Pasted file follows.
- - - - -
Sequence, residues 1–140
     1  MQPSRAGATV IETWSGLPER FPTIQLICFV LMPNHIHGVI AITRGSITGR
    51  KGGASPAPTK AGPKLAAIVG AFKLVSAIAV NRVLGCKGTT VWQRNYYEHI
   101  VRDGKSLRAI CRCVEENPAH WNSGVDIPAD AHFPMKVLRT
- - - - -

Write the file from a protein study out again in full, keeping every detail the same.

Sequence, residues 1–140
     1  MQPSRAGATV IETWSGLPER FPTIQLICFV LMPNHIHGVI AITRGSITGR
    51  KGGASPAPTK AGPKLAAIVG AFKLVSAIAV NRVLGCKGTT VWQRNYYEHI
   101  VRDGKSLRAI CRCVEENPAH WNSGVDIPAD AHFPMKVLRT